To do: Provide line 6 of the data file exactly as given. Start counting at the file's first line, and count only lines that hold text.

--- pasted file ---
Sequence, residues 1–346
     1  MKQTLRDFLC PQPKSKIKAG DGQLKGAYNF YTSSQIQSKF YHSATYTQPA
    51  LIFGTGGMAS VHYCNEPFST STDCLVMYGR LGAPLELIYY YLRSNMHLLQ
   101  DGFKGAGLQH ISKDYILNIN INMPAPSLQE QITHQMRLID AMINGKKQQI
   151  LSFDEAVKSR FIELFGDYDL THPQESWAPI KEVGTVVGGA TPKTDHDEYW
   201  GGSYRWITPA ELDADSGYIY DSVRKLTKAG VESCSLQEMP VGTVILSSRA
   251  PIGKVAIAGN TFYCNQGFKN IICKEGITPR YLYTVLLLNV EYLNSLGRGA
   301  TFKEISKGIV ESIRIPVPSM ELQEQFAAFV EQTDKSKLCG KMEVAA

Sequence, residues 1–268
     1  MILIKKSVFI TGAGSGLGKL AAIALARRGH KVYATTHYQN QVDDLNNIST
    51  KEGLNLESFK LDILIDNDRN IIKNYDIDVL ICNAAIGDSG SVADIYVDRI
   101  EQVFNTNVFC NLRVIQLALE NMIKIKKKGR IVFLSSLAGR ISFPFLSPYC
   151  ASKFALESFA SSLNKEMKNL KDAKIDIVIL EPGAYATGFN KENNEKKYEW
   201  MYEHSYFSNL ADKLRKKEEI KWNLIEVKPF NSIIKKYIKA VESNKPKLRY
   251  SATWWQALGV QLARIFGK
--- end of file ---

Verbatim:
   201  GGSYRWITPA ELDADSGYIY DSVRKLTKAG VESCSLQEMP VGTVILSSRA